“Basically you’re taking a collectively owned or publicly owned space and walling it off,” said David Bernabo, a documentarian who makes films about food in Pittsburgh, which will also have its dinner on Saturday. Even if you think of Diner en Blanc as a piece of performance art, it fails: “I think art that is purely spectacle is not lasting art,” Bernabo said.
Also: “I don’t know,” he said. “You just look at this and you’re kind of annoyed.”
Yes, some of the naysayers have never attended. But the fact that Diner en Blanc is so public — and is, in a sense, a performance for social media — means that those who don’t attend are qualified to comment on it.
Diner en Blanc bills itself as an “inclusive” event while maintaining a waiting list that has 20,000 names on it in Washington alone. But that’s merely an issue of capacity, says Sandy Safi, director of development for Diner en Blanc International.
“I would love to accommodate 10,000,” Safi said. “People interpret us not having any more availability as exclusivity, but we’re bound to geographical limitations.”
Besides, the event does seem to draw a racially diverse crowd. “I have people saying, ‘Thank you for bringing all of these communities together,’ ” Safi said.
Safi says all income from tickets and food goes toward the costs of hosting the event, including permits, security and DJs. And Diner en Blanc may incorporate a charitable cause in coming years, once her small team has the capability to vet charities in different cities.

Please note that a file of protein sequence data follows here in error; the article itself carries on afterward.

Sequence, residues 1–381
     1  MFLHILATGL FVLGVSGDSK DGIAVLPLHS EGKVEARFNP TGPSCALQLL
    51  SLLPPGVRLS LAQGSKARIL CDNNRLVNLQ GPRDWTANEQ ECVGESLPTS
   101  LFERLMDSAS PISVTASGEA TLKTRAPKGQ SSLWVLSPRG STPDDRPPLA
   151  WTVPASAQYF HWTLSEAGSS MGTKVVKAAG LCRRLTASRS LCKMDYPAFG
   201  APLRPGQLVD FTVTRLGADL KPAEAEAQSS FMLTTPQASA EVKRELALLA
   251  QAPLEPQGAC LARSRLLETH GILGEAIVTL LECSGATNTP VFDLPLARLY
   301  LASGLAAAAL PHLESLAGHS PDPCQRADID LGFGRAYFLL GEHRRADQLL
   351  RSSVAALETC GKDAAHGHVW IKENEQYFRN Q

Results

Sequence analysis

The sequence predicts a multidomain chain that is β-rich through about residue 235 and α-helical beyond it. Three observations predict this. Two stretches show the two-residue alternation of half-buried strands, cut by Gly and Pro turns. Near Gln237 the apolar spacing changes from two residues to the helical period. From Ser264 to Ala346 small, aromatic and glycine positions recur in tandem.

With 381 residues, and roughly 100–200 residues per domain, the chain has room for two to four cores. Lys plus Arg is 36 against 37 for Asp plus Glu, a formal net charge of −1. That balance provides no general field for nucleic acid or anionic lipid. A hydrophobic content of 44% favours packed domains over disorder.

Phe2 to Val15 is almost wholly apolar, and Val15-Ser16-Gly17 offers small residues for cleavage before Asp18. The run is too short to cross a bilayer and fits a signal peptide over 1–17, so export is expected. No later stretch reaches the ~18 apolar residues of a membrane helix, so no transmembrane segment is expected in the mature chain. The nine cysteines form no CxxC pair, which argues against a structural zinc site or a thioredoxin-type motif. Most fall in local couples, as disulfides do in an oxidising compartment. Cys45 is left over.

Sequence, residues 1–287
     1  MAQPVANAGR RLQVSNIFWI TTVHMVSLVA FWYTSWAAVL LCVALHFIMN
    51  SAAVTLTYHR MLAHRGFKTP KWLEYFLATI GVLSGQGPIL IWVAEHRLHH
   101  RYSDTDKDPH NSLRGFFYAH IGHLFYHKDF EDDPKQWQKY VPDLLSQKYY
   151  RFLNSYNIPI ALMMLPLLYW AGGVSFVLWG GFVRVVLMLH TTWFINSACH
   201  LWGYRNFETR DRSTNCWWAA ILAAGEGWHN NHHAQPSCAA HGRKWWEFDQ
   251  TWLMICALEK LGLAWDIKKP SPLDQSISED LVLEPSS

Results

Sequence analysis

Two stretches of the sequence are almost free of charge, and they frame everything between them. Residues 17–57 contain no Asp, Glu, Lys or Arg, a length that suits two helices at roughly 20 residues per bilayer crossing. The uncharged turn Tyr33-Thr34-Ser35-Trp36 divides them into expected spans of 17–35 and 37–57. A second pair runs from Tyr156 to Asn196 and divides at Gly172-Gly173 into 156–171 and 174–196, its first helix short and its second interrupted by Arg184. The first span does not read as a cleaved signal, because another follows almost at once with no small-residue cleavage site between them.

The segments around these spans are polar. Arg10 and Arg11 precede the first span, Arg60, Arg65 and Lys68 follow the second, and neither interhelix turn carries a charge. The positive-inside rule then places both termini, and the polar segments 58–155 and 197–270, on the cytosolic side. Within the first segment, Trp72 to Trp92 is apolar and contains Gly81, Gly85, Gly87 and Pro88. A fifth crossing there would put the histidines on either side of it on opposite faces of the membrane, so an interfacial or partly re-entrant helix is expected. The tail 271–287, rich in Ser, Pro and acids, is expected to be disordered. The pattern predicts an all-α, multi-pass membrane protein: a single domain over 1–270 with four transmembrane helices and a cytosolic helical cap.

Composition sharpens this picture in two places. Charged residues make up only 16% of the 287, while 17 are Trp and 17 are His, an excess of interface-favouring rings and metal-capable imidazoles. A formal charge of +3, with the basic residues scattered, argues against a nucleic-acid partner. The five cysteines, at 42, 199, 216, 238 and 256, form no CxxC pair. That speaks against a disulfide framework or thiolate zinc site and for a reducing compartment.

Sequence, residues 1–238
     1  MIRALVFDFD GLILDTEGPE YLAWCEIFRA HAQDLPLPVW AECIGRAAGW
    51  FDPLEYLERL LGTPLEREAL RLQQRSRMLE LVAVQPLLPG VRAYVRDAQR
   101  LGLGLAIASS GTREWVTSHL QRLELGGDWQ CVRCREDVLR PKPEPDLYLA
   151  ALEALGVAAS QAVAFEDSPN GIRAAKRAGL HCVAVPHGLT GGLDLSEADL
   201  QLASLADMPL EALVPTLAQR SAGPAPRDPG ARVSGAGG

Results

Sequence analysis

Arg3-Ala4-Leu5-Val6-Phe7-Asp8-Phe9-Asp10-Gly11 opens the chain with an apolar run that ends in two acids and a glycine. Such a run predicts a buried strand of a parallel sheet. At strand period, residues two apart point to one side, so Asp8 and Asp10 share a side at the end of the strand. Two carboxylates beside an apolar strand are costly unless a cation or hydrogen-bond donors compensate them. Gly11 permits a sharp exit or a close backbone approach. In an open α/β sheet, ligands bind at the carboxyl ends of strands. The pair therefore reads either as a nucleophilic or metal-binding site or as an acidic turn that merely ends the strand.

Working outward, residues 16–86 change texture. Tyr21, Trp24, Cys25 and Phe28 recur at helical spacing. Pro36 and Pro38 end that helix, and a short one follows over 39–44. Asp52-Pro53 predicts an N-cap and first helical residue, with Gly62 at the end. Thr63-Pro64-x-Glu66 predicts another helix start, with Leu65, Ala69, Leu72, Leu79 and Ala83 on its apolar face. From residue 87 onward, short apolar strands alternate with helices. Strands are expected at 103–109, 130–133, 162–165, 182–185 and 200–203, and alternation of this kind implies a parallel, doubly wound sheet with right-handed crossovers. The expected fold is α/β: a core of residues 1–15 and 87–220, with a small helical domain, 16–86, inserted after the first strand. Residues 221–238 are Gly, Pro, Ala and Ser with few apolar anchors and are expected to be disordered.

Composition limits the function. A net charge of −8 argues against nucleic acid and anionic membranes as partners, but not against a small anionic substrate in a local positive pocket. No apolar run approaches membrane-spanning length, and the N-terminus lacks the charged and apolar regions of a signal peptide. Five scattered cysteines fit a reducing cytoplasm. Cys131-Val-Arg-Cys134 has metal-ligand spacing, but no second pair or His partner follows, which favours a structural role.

Maybe it all just comes down to the eternal words of our poet laureate, Taylor Swift: Haters gonna hate hate hate hate hate.
“We’re not making anyone go,” said Bryer Davis, host of the D.C. dinner. People “want to go because they want to experience that community feel . . . in the most unique, off-the-charts unfathomable way.”
It is easy to hate Diner en Blanc. But it’s easy to love it, too.
“I spend a lot of time crafting my menu,” said Laetitia-Laure Brock, a Parisian expat who has volunteered as a Diner en Blanc group leader every year in the District. Everyone “has a different way of expressing themselves at the event, even though everyone has the same instructions. You’re given a white canvas.”
That is precisely what irritates Pat Walsh, a man who was once deemed D.C.’s “General Enthusiast” but who can muster no enthusiasm for Diner en Blanc. “It’s dorky to pay so much and try so hard to be spontaneous and cool,” he said.